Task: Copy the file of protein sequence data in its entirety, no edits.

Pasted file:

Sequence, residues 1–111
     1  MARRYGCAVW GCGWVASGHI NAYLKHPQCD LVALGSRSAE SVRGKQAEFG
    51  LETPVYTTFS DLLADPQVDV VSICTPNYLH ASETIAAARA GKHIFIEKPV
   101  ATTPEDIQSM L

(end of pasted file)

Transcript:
Sequence, residues 1–111
     1  MARRYGCAVW GCGWVASGHI NAYLKHPQCD LVALGSRSAE SVRGKQAEFG
    51  LETPVYTTFS DLLADPQVDV VSICTPNYLH ASETIAAARA GKHIFIEKPV
   101  ATTPEDIQSM L